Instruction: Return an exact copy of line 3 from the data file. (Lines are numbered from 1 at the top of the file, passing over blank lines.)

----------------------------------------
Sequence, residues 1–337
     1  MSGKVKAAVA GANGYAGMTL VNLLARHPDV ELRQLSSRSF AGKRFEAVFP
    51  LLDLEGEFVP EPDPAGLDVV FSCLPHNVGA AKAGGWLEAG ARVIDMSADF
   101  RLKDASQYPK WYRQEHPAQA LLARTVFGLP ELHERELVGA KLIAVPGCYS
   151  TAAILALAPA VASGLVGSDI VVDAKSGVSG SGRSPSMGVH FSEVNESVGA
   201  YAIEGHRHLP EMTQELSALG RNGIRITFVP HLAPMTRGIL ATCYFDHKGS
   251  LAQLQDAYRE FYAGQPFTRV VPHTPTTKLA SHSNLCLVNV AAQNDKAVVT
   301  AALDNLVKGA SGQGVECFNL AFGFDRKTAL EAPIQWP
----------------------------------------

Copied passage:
    51  LLDLEGEFVP EPDPAGLDVV FSCLPHNVGA AKAGGWLEAG ARVIDMSADF